What drugs do airlines test for?

What drugs do airlines test for?

This requires testing for five commonly abused drugs: Marijuana, Cocaine, Opiates, Amphetamines, Phencyclidine (PCP). Most companies have their own alcohol and drug policies, and these matters are the subject of national legislation and international regulation.

What do you need to fly Part 135?

The pilot-in-command must have a minimum of 1,500 hours of experience and must remain in command for the entire flight. The aircraft must be in an airworthy condition, including meeting the requirements relating to identification and equipment. It must carry an appropriate and current airworthiness certificate.

What is required to be reported to the FAA?

Reporting Requirements. The Code of Federal Regulations at 14 C.F.R. ยง 61.15(e) requires all Part 61 certificate holders to send a written report to the FAA within 60 calendar days of any drug- and/or alcohol-related MVA. These reports are commonly referred to as “notification letters”.

What is Part 23 certified?

Specifically, the new part 23 revolutionizes standards for airplanes weighing 19,000 pounds or less and with 19 or fewer passenger seats by replacing prescriptive requirements with performance-based standards coupled with consensus-based compliance methods for specific designs and technologies.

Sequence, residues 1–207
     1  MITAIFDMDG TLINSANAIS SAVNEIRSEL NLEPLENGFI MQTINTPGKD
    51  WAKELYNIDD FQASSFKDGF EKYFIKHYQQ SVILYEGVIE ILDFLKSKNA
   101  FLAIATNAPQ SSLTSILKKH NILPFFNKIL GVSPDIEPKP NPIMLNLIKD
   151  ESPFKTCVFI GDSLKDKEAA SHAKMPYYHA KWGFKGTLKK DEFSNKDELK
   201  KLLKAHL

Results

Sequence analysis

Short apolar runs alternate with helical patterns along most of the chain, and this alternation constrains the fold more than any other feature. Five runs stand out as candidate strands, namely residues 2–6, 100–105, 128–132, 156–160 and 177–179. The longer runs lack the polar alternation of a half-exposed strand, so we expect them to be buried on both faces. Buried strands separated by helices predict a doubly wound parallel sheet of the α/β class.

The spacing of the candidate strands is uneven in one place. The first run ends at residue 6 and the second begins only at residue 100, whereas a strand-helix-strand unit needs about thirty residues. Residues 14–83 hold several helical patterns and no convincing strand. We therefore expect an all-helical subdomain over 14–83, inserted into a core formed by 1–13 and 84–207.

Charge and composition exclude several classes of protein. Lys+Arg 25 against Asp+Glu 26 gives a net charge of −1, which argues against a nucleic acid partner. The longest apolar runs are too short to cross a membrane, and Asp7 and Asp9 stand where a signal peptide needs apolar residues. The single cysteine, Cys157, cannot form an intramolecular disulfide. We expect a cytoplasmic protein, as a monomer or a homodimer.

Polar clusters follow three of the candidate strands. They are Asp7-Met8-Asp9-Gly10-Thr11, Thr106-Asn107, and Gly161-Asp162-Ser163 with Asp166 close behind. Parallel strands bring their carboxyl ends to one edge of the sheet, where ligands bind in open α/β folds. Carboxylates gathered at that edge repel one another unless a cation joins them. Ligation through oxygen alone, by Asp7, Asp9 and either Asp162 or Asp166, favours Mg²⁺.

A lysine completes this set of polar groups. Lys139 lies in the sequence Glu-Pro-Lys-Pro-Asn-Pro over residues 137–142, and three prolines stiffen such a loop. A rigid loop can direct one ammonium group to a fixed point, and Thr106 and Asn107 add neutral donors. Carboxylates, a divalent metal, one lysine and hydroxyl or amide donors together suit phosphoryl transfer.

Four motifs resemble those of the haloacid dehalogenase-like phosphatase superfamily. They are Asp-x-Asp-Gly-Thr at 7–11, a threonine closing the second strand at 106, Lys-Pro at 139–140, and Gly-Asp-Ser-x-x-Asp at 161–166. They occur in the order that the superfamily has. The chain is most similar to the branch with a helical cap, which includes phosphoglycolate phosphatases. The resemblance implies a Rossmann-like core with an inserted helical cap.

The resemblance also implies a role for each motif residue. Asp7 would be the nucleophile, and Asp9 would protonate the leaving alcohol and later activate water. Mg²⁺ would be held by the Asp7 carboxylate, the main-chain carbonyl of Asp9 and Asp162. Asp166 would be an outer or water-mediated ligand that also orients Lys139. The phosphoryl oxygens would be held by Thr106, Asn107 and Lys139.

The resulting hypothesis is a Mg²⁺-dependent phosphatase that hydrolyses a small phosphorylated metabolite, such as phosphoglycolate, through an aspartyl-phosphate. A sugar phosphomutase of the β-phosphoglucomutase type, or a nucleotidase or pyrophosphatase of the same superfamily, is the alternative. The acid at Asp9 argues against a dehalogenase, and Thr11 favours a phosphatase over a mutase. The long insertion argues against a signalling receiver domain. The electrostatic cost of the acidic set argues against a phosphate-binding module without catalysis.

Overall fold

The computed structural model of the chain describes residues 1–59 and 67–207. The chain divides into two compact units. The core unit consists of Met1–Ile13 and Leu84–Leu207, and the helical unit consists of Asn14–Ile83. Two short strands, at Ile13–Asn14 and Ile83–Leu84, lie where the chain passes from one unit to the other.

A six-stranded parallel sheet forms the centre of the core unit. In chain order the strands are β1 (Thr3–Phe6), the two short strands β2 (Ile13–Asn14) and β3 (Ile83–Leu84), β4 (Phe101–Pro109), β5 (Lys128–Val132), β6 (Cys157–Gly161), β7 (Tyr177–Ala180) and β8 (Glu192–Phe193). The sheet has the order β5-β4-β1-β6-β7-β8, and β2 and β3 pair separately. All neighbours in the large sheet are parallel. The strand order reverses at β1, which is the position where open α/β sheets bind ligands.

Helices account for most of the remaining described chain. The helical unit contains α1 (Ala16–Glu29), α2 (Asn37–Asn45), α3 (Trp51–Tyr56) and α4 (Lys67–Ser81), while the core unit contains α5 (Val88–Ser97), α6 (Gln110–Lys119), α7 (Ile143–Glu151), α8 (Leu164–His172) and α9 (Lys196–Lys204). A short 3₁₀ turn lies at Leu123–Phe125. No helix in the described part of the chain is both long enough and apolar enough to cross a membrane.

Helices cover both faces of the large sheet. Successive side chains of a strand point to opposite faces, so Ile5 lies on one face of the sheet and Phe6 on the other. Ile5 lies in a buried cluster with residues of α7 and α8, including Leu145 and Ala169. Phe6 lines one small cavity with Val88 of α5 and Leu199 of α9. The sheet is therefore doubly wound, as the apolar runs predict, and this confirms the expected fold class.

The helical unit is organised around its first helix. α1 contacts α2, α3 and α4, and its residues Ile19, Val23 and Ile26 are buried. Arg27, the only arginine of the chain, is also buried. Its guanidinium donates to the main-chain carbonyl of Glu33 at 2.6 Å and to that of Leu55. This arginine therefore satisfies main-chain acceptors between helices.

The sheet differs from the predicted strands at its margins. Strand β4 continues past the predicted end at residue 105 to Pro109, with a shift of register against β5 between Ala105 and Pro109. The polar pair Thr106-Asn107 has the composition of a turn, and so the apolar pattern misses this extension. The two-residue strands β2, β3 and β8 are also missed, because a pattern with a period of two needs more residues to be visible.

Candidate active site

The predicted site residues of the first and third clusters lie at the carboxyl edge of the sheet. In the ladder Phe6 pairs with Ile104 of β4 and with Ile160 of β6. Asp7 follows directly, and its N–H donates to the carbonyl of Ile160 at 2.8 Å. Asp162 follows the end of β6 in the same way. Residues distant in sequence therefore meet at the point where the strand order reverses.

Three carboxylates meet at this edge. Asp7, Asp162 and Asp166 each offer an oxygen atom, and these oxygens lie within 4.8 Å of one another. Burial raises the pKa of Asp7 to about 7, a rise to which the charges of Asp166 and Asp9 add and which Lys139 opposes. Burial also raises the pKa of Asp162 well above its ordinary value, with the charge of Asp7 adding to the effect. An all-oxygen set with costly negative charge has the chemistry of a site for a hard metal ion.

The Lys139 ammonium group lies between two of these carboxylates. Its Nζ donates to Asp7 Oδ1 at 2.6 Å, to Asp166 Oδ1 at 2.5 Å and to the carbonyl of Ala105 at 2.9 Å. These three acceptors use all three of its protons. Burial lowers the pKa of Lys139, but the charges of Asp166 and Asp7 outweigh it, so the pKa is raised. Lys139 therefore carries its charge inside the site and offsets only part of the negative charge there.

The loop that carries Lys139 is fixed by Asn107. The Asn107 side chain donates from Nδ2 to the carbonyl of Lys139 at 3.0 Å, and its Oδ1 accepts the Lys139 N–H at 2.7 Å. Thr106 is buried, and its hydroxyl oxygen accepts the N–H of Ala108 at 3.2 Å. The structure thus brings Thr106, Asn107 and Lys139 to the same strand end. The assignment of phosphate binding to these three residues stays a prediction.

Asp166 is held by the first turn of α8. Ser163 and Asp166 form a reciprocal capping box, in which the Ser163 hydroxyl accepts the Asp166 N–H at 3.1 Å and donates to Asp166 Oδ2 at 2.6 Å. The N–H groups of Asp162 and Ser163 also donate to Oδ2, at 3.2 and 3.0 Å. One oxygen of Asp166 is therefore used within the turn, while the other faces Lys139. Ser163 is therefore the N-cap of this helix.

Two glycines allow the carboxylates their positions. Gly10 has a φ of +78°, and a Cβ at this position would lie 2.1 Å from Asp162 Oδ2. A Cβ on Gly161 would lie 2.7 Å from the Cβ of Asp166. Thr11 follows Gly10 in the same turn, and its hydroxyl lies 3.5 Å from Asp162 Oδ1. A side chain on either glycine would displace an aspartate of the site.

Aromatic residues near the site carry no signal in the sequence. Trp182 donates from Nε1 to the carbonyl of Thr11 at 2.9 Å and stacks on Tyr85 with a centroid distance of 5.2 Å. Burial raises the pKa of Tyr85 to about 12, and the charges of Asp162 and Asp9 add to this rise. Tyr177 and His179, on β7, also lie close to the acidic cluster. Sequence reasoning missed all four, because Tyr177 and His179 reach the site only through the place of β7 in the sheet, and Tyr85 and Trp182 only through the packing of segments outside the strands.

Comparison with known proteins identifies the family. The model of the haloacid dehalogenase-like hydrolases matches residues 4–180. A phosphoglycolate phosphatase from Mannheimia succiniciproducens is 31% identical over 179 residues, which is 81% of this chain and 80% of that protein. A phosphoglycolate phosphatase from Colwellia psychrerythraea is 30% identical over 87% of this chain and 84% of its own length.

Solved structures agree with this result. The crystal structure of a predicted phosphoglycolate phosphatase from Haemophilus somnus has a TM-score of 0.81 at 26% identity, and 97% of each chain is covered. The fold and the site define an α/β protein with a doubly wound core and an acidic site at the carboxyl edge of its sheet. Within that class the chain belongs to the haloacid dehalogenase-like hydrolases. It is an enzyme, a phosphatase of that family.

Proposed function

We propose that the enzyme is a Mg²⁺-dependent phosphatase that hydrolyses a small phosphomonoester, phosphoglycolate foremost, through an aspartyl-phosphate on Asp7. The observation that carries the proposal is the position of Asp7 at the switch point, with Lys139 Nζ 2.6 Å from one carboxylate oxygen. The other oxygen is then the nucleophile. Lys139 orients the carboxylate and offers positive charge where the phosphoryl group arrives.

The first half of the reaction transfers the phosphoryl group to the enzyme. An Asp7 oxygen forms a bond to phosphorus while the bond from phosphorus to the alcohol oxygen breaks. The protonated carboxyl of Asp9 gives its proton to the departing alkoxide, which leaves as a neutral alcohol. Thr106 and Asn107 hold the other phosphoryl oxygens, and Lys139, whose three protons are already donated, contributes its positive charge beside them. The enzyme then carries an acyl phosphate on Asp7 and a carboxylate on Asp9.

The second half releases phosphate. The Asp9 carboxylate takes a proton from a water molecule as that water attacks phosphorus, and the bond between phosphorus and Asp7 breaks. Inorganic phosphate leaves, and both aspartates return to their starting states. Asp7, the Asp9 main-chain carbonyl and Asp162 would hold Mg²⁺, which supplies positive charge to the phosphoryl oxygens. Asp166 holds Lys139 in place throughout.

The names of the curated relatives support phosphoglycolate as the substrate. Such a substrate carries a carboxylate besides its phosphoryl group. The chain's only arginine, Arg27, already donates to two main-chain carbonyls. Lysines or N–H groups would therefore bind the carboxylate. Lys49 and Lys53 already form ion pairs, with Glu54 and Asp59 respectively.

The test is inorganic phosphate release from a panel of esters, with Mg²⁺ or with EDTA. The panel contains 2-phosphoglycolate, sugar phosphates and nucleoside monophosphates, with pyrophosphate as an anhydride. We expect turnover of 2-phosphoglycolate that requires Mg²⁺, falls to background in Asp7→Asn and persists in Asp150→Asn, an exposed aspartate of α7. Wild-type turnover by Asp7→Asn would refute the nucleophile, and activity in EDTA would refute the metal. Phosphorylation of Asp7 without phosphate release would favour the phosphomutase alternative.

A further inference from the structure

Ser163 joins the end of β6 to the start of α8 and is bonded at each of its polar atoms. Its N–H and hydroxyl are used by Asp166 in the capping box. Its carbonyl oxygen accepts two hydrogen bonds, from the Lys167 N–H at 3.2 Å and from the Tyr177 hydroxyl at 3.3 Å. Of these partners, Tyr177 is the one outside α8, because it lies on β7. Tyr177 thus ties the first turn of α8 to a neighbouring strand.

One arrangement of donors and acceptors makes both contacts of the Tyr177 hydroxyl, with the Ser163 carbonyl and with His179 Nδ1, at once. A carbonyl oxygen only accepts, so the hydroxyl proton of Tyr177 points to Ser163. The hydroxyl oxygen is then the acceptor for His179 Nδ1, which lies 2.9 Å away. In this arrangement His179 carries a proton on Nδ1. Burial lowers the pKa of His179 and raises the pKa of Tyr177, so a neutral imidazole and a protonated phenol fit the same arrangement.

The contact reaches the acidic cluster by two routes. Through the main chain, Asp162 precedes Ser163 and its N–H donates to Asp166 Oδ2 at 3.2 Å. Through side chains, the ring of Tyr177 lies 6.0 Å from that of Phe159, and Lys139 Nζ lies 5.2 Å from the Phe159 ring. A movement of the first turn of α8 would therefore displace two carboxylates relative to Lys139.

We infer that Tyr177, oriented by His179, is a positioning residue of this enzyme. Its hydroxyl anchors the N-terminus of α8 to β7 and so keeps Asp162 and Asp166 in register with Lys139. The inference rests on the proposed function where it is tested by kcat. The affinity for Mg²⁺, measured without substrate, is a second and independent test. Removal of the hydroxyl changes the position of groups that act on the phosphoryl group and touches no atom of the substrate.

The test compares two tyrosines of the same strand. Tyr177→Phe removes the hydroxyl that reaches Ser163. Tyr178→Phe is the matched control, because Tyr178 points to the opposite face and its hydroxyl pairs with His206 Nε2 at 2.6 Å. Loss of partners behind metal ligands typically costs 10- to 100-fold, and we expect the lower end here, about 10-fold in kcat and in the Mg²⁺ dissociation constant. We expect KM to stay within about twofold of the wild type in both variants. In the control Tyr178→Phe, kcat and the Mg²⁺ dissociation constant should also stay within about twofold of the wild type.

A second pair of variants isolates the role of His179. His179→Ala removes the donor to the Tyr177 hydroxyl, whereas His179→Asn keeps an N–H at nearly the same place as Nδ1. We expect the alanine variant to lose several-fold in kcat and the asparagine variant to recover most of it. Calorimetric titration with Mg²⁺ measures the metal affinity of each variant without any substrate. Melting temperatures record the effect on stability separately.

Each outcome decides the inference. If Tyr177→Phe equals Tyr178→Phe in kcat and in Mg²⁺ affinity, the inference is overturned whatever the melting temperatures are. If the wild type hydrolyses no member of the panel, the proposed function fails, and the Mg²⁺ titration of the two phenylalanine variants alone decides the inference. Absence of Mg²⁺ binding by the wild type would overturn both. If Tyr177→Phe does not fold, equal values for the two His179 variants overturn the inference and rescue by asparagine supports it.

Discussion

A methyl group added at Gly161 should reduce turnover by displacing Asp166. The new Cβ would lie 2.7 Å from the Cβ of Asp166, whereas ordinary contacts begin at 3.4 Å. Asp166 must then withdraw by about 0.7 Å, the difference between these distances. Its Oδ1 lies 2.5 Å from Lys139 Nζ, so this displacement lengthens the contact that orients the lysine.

Do airlines do hair drug tests?

Yes, the FAA may do a hair test via a swab test. It might be used in post-accident testing to check for drugs in the pilot’s hair. This hair test is only done for positive drug test results if the urine test is negative or for other reasons to think that the urine test is a false positive.

What does FAA urine test for?

A routine part of the FAA medical exam is a urinalysis to check for sugar or protein, indicators of possible diabetes or kidney disease. Even as a commercial pilot participating in the DOT/FAA drug testing program, a drug test is done independent of an aviation medical examination.

What happens if you fail a FAA drug test?

Airmen who fail a drug test are removed from performing safety-sensitive functions, required to undergo a substance abuse evaluation, and required to complete counseling or treatment. To make matters worse, airmen often are fired by their employer as a result of a failed test.